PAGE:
What is influenza?
Influenza ("the flu") is a viral illness that typically hits Tennessee in the late fall and winter. Symptoms include:
- fever (often very high, up to 106.5 degrees)
- fatigue and exhaustion (can last 2-3 weeks)
- headache and muscle aches
- red, watery eyes
- cough (usually dry)
- runny nose
- sore throat
Although people may refer to bad colds or other viruses as "a touch of the flu," true influenza is much more severe. In fact, it doesn't usually just touch you -- it feels more like a hammer!
I've heard of influenza A and B. What does that refer to?
The two major influenza strains referred to as A and B
Influenza A (about 90% of all cases) is the cause of the major pandemics (worldwide epidemics) of influenza that have occurred.
Influenza B (about 10% of cases) is less common and less severe than Type A, but is often associated with specific outbreaks, such as in nursing homes or daycares.
How is influenza diagnosed?
Rapid tests are now available for diagnosing influenza in our office. We can use a cotton swab to get a mucus sample from one nostril; results can be back in as soon as 5 minutes.
In cases of community epidemics, or when it is known that a family member is positive for influenza, we will sometimes not test a child if he or she is showing classic influenza symptoms.
Can influenza cause serious problems?
Fortunately, most healthy kids recover from influenza without complications. However, influenza can cause lots of problems:
- About 1% of people who get the flu end up in the hospital.
- In the winter, as many as 30% of all children in the hospital are there for complications of influenza. In children, this is usually related to dehydration; less commonly, influenza pneumonia can occur.
- During the 2003-2004 flu epidemic in the US, about 150 children died from influenza. Half of these children were previously healthy youngsters.
- Even a relatively mild case of influenza can cause lots of time in missed school, missed work, and lots of money spent on doctor's visits, medicine, etc.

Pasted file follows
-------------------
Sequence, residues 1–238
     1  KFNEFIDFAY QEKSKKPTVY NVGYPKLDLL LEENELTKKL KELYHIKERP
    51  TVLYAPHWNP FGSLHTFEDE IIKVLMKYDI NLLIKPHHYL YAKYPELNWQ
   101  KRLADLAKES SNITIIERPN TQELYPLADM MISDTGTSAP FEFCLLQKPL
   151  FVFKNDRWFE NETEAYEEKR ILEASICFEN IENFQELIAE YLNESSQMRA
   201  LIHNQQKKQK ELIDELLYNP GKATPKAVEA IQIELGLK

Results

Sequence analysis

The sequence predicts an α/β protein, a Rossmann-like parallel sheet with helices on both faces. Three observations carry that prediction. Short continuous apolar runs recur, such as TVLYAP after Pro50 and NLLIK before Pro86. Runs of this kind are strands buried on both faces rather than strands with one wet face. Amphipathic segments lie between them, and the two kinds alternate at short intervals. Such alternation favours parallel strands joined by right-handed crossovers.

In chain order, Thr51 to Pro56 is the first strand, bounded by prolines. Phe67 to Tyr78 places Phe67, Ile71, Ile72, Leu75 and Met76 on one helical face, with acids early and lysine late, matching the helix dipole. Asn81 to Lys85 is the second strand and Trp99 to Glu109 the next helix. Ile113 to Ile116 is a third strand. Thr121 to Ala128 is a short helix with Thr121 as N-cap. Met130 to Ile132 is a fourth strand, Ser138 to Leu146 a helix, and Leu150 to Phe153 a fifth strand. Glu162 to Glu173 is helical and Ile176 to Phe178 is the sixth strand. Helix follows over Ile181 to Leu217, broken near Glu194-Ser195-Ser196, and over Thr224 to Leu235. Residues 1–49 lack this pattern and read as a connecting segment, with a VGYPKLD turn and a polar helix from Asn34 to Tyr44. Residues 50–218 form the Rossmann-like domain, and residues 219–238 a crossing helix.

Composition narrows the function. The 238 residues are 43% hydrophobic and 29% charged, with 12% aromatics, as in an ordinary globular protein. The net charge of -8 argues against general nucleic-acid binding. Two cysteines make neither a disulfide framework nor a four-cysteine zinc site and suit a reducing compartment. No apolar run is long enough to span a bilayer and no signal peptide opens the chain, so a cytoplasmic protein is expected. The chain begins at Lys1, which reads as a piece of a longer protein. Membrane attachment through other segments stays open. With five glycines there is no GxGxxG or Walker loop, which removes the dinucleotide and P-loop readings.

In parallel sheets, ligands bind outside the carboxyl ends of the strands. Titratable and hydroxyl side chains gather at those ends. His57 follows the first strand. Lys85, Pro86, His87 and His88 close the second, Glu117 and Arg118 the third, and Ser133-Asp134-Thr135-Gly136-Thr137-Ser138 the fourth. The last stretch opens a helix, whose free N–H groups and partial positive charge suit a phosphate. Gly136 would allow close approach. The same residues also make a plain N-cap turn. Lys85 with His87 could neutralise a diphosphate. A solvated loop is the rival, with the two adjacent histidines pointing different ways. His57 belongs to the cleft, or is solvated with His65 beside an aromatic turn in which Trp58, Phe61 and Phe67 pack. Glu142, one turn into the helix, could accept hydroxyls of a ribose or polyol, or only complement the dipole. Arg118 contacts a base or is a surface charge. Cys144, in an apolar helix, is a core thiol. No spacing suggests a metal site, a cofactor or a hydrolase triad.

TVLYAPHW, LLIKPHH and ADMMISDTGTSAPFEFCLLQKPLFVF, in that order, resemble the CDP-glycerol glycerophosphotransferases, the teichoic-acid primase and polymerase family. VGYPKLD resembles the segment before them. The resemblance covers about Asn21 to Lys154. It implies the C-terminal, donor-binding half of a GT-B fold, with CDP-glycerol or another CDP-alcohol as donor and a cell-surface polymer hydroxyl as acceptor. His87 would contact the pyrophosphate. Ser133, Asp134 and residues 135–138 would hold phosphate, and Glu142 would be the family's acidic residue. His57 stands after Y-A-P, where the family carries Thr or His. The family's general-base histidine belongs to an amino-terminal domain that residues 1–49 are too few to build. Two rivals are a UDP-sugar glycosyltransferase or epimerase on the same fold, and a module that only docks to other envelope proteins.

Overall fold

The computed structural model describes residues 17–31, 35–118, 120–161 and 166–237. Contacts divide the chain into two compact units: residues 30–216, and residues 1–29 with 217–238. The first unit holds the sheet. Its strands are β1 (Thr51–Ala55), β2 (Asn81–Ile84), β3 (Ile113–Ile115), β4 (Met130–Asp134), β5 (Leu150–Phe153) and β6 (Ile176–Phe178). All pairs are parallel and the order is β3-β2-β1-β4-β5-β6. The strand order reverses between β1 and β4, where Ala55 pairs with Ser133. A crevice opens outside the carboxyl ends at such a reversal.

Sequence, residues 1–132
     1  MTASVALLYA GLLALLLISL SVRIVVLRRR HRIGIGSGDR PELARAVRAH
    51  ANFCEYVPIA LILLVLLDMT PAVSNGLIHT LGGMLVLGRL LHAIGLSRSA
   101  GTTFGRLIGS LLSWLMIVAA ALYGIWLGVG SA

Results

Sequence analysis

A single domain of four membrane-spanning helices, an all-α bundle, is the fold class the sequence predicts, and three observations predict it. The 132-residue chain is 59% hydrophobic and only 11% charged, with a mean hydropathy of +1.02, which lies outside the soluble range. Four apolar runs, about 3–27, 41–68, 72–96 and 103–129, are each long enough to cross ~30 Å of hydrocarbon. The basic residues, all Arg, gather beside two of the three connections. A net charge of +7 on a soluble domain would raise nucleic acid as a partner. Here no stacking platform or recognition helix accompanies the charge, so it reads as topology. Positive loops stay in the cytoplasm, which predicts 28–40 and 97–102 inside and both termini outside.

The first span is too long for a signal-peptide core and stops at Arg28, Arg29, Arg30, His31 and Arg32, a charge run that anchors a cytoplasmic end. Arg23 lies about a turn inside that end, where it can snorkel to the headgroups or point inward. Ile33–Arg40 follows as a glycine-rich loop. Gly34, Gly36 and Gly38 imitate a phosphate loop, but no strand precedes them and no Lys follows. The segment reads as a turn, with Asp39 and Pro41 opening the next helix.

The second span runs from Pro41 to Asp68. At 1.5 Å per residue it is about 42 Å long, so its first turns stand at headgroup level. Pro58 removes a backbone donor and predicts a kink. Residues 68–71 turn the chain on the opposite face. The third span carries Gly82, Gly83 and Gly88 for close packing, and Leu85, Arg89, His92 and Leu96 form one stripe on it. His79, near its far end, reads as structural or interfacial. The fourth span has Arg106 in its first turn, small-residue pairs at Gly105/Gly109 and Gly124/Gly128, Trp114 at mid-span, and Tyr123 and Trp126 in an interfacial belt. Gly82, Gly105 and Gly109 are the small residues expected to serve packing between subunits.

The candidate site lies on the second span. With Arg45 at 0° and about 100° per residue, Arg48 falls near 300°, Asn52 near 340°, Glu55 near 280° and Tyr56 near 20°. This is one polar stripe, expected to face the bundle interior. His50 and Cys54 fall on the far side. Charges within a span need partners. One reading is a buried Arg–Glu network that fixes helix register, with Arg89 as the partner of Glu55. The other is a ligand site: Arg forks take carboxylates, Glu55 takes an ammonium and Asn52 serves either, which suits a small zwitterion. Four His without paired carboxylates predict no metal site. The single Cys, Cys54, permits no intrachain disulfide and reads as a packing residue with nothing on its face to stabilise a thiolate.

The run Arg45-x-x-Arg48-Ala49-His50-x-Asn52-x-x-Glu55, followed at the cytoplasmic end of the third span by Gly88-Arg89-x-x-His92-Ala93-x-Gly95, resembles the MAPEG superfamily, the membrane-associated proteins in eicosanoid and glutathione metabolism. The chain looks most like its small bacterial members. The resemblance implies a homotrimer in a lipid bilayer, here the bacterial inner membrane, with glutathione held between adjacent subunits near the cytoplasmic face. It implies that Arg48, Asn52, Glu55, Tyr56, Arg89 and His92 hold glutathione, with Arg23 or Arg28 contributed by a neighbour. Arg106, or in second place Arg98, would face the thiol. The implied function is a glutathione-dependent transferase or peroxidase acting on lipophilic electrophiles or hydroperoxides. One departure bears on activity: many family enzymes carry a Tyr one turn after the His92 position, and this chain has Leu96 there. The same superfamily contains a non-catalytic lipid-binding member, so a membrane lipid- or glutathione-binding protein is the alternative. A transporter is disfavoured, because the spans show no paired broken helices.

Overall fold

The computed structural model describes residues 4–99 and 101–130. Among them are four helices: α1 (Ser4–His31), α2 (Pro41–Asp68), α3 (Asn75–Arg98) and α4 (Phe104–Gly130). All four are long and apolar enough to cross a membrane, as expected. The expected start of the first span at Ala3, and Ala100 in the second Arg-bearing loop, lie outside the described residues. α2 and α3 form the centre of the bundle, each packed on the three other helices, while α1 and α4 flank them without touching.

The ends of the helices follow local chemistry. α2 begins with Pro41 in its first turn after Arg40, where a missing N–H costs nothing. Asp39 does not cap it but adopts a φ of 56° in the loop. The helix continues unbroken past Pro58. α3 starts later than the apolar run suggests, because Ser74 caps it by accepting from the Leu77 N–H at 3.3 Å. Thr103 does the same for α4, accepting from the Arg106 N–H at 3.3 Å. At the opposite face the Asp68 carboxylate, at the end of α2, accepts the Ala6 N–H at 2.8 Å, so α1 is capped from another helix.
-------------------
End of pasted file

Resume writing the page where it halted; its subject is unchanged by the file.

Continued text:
How can I keep my family from getting influenza?
- Good hand washing. Ordinary soap is sufficient. Alcohol-based hand gels are useful if soap and water are not handy.
- Breastfeeding your baby. Women who breastfeed reduce the risk of respiratory infections in their children.
- Annual flu shots. Studies are finding that the more people that are vaccinated, the healthier the community at large.
Some points to remember:
- Flu shots do not give you the flu.
- Even if your child gets a strain of influenza not covered by the flu shot, his or her symptoms will be much milder.
- We recommend influenza shots in all children over 6 months old, especially those who are at risk: daycare attenders, children with asthma or other lung conditions, children prone to febrile seizures, etc.
- If yo u are pregnant or nursing, you can still get the flu shot.
What medications help influenza?
- Tylenol and ibuprofen work well for fever and achiness.
- Prescription antiviral medicines. Because influenza is a virus, antibiotics are not helpful against it. However, there are some medications which can shorten the course of influenza a little and make people less contagious if they are started within 48 hours of showing symptoms. The two most common medications pediatricians use are amantadine (Symmetrel) and oseltamivir (Tamiflu). Tamiflu is approved for children over 12 weeks of age. Unfortunately, many strains of influenza are now resistant to these medications, and they can cause nausea and vomiting in many children.
- Do not use aspirin in children or teenagers who have influenza. There is a small chance of getting Reye’s syndrome (liver failure and coma), a rare but sometimes fatal disease.